Gioacchino Assereto was an Italian painter of the early Baroque period and one of the most prominent history painters active in Genoa in the first half of the 17th century.
He initially apprenticed at age 12 with Luciano Borzone and from circa 1614 in the studio of Giovanni Andrea Ansaldo. He attended the Academy of the Nude (painting from nude models) instituted by Giancarlo Doria.
He was active in Genoa. In 1639 Assereto he travelled to Rome where he visited the studios of various painters. He likely met Genoese artists working in Rome, such as Luca Saltarello, Giovanni Maria Bottalla, Giovanni Benedetto Castiglione and Giovanni Andrea Podestà. His stay in Rome was important as it brought him in contact with the developing realism of the followers of Caravaggio.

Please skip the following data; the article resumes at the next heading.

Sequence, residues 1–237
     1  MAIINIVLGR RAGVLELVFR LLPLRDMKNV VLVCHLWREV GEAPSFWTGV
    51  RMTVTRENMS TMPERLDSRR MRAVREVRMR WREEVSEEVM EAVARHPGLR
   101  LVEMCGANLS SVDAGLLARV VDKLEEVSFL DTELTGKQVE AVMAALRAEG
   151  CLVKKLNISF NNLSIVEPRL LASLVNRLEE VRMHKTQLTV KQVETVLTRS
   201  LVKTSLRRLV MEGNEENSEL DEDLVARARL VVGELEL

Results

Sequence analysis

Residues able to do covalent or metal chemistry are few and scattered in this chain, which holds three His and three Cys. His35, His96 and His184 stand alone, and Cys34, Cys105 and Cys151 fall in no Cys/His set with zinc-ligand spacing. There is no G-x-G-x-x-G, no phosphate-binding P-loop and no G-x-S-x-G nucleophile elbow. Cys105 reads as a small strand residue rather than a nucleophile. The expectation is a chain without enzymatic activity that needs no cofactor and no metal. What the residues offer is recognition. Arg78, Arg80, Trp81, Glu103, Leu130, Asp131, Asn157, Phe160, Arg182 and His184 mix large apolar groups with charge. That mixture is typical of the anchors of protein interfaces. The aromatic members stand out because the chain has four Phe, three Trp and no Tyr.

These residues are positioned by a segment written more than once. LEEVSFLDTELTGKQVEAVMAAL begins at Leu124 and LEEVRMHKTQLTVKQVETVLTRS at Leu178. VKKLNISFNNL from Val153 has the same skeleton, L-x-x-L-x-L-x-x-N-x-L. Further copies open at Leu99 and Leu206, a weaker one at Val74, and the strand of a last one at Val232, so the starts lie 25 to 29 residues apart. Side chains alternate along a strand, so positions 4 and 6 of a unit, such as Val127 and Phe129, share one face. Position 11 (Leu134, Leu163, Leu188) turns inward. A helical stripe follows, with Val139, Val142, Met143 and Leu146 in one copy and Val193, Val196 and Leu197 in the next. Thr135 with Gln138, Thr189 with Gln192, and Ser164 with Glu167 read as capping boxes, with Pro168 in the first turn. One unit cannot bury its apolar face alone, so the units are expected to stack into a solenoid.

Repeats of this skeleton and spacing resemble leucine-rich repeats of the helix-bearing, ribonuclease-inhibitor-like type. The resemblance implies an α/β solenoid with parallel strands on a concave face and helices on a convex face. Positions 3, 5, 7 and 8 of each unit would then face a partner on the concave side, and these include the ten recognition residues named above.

Most of Assereto's works depict religious and history subjects, although he also produced some portraits. Throughout the decade in which he was a student, Assereto produced many works in a Baroque idiom, which were close in style and genre. He incorporated drama and emotion in his paintings with the aid of the chiaroscuro and sfumato techniques. He continued to improve his technique and style during his twenties and thirties. During his visit to Rome in 1639 he discovered a flourishing interest in realism and Caravaggism. His interest in realism and encouraged him to continue with his detailed description of heads and hands. It may also have revealed to him the possibilities of compositions that depend on chiaroscuro rather than on colour.